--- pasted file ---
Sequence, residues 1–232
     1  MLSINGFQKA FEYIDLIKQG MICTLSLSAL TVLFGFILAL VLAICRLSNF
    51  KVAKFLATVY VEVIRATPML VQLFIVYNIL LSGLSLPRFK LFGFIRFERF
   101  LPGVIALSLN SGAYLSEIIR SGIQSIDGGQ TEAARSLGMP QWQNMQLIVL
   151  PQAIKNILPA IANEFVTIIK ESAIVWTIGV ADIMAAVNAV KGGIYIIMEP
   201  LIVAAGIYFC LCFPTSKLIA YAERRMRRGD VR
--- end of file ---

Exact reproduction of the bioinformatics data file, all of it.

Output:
Sequence, residues 1–232
     1  MLSINGFQKA FEYIDLIKQG MICTLSLSAL TVLFGFILAL VLAICRLSNF
    51  KVAKFLATVY VEVIRATPML VQLFIVYNIL LSGLSLPRFK LFGFIRFERF
   101  LPGVIALSLN SGAYLSEIIR SGIQSIDGGQ TEAARSLGMP QWQNMQLIVL
   151  PQAIKNILPA IANEFVTIIK ESAIVWTIGV ADIMAAVNAV KGGIYIIMEP
   201  LIVAAGIYFC LCFPTSKLIA YAERRMRRGD VR